The approach adopted by the Board was an attempt to walk that tightrope successfully, and I am hopeful that we have succeeded. I believe this approach fulfills the core mission of health care reform to dramatically expand health insurance coverage, while at the same building in protections and flexibility throughout the process to avoid creating financial hardship for individuals who truly cannot afford health insurance. It makes targeted, appropriate investments in making health care more affordable without imposing substantial new costs on the state. It is our intent and hope that this process will be possible to administer, and with public outreach and education, capable of being understood. Of course, these are only draft proposals right now. They will be the subject of public hearings in May, and I know that the Connector Board and staff are very much looking forward to receiving input from consumers, businesses and others who will be affected by the decisions we make.

With success here, we will be at the gates of truly universal coverage and well-poised to get there. Bringing young people into the ranks of the insured; encouraging a “culture of insurance”; learning from the practical experience of actually implementing an “individual mandate” and offering new subsidized programs; and pursuing other initiatives to control health care costs both inside and outside the four corners of health care reform – all of these things will allow us to take the final step to ensuring coverage for absolutely everyone. No doubt, we face many challenges ahead, in continuing an ongoing process of translating the law and the Connector Board’s decisions into concrete actions that affect the lives of people throughout the Commonwealth. But I believe that we have taken a major step forward in creating a framework for ultimate success.

This latest milestone for health care reform is a product of collaboration and compromise. The approach adopted by the Board draws from the best thinking of numerous individuals and groups that are so deeply committed to the success of health care reform that they have spent countless hours working on this issue and helping relative newcomers like me get my bearings. In particular, Jon Kingsdale and his tremendous staff at the Connector continue to be both smart thinkers and good listeners. They have worked tirelessly to develop an effective and humane approach to implementing the “individual mandate,” all the while working feverishly to get people signed up for Commonwealth Care and get the Commonwealth Choice program up and running. My colleagues on the Board shaped this proposal by asking the right questions and contributing creative solutions to difficult challenges. Stakeholders, experts and advocates from diverse perspectives vigorously advanced their own proposals, but were also willing to consider other ideas and were open to compromise. Governor Patrick was not only instrumental at other stages of health care reform (such as during the bidding process for Commonwealth Choice plans) but also steered the Administration’s approach to this critical issue of affordability. And I know that we are all grateful for the continuing guidance and support of members of the Legislature, especially Speaker DiMasi and Senate President Murray.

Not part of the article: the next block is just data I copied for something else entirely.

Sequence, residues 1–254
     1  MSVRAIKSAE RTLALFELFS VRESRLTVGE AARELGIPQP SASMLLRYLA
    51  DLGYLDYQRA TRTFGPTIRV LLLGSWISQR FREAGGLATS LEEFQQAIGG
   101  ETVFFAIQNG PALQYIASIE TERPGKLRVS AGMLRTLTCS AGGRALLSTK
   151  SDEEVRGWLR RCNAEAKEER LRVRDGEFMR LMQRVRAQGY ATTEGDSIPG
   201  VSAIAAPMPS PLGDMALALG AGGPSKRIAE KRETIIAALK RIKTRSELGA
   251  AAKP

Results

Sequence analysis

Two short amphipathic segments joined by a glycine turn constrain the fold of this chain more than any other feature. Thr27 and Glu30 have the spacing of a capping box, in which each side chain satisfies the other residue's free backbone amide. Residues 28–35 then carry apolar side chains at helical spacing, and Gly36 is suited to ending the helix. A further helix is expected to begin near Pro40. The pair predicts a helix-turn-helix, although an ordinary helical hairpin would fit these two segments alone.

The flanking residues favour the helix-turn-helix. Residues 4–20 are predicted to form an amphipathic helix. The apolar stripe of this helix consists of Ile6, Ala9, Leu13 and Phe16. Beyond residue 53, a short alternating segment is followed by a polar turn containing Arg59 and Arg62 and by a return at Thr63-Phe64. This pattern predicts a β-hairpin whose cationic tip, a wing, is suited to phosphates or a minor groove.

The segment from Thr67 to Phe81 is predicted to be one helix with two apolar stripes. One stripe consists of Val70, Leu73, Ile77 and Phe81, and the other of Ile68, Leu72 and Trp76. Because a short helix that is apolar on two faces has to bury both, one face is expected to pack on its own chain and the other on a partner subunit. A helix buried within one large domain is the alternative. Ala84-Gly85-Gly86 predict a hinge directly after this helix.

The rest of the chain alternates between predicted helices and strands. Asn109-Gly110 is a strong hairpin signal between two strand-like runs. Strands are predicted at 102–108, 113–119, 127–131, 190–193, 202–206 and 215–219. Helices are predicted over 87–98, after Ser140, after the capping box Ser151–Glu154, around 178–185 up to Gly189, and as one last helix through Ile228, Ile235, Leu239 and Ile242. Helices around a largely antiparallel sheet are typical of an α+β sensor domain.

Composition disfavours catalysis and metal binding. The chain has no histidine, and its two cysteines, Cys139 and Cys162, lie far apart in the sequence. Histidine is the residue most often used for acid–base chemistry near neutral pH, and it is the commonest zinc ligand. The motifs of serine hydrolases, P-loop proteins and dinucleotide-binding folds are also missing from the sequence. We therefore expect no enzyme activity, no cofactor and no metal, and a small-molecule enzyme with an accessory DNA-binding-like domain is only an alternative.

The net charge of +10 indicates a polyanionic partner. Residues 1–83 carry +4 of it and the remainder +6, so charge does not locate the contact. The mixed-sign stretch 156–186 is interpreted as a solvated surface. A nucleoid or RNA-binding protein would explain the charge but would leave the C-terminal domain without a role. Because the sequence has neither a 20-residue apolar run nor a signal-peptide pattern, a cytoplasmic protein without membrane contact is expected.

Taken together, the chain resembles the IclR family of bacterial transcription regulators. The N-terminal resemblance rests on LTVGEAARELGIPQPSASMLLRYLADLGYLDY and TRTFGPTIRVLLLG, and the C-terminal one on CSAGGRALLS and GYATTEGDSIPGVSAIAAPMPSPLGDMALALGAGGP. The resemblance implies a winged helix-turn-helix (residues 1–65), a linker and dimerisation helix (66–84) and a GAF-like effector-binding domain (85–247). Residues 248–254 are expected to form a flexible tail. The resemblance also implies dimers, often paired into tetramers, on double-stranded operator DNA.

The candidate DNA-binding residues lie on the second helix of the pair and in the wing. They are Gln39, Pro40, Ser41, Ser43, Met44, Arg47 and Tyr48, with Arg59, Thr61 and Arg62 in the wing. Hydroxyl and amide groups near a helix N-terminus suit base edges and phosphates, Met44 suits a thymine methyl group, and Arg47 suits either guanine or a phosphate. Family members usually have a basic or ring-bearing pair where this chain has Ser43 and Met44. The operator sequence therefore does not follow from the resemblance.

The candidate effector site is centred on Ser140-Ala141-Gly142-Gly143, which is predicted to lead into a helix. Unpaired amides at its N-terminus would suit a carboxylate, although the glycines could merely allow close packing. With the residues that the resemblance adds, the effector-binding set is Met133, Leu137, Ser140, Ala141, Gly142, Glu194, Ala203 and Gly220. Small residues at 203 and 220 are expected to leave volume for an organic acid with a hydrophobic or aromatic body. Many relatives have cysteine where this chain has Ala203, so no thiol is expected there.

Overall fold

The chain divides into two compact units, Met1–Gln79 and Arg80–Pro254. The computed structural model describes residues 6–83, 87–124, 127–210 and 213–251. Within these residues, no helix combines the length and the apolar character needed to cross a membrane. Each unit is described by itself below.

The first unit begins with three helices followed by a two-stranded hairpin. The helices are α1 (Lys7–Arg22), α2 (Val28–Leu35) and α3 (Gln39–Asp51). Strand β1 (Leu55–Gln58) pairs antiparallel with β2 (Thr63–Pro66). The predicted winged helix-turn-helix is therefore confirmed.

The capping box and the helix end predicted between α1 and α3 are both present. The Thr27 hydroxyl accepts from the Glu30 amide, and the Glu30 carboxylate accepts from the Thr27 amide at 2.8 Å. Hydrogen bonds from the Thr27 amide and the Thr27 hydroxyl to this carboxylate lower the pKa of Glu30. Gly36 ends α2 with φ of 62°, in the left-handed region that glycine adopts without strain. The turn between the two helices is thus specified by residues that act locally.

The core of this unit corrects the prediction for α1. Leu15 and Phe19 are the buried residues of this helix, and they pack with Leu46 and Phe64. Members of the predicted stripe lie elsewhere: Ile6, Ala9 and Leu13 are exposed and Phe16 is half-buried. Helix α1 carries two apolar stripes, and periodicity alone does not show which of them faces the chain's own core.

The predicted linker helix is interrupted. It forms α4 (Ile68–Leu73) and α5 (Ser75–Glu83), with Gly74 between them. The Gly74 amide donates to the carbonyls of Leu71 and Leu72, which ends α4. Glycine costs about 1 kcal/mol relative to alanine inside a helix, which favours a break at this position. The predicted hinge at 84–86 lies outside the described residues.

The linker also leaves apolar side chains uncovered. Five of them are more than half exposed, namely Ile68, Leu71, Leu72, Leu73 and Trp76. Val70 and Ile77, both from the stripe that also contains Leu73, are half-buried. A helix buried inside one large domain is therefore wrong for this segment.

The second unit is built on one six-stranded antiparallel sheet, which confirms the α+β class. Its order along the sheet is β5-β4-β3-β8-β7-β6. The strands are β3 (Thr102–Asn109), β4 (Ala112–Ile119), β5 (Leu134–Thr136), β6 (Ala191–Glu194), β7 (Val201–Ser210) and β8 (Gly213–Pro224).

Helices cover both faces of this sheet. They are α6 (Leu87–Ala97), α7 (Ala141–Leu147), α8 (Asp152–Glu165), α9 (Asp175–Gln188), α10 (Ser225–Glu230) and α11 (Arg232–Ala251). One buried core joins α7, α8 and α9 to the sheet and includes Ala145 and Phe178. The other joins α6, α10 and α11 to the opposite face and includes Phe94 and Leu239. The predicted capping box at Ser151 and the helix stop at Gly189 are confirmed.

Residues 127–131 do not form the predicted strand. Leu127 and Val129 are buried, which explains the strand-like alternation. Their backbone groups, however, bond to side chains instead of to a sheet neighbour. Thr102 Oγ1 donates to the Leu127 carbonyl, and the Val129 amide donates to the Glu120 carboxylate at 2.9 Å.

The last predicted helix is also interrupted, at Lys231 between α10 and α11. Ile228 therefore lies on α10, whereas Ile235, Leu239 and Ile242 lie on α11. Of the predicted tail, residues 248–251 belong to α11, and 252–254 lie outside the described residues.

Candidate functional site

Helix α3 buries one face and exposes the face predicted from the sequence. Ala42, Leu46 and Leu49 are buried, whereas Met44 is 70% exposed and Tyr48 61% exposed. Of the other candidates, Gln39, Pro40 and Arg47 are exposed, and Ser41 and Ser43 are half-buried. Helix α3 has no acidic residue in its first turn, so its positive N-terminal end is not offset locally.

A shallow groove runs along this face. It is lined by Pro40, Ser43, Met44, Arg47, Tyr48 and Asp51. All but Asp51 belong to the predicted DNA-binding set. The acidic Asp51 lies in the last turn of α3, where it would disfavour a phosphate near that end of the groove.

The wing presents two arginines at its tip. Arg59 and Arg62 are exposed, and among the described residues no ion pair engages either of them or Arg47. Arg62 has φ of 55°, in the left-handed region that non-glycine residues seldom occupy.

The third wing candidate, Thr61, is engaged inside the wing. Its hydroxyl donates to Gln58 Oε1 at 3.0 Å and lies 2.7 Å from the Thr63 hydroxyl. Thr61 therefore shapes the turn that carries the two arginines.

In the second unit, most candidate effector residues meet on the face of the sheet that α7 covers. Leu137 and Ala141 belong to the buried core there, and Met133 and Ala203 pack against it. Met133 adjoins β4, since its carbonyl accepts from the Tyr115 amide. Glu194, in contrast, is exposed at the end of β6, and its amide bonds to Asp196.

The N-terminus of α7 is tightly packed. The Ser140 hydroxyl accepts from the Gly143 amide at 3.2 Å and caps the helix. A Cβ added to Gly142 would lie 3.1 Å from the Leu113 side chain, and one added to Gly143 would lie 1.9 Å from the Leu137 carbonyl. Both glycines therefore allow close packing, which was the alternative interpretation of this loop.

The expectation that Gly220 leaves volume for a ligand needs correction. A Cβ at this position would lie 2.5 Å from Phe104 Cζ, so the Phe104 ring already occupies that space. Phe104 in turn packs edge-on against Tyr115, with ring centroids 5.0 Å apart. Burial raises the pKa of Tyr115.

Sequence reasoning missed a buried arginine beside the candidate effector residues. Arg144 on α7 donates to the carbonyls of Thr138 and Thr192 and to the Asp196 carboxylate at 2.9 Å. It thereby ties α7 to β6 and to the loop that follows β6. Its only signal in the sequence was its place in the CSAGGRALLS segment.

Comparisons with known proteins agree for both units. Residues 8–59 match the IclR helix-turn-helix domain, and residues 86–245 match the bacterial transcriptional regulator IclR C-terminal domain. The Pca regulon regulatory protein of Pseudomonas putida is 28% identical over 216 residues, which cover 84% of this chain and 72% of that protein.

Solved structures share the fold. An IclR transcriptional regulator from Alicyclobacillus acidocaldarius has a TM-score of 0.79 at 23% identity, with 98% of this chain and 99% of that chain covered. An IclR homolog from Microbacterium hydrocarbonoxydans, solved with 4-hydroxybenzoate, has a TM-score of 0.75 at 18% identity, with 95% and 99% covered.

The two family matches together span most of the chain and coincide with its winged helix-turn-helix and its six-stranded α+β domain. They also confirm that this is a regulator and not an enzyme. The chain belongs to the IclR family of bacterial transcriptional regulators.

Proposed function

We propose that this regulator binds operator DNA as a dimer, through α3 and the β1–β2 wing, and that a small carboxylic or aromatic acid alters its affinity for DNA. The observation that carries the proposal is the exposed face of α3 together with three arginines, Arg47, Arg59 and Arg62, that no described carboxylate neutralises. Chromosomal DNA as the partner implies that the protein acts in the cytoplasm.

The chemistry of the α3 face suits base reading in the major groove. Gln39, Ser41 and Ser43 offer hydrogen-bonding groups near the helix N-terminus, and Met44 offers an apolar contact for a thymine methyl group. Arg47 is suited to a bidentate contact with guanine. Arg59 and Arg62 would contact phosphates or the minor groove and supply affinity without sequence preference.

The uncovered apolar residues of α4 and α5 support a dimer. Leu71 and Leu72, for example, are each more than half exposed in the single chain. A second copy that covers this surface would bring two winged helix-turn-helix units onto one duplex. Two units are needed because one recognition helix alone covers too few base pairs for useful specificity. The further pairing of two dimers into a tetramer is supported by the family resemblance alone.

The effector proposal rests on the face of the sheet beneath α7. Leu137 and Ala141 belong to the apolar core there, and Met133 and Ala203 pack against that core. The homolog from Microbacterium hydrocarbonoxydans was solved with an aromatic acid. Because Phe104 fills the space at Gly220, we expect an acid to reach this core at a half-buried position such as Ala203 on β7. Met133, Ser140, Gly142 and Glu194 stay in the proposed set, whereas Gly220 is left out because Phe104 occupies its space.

The fact that the Board’s vote was unanimous and enjoyed support throughout the wide community that cares about health care reform is important well beyond yesterday. With everyone on board, we will be able to go out as a team and do the hard work needed to put health care reform fully into action – to educate people about both new requirements and new opportunities for affordable insurance; to help workers and employers understand the benefits of Section 125 plans; to observe the impacts of the new law; and to work together to overcome the inevitable challenges and obstacles to success.

So, happy birthday health care reform. It’s been a great year. Wishing you many more. And feeling optimistic that you’ll have them.

Leslie Kirwan is Secretary of Administration and Finance for Governor Deval Patrick and chairs the Connector Board

This program aired on April 13, 2007. The audio for this program is not available.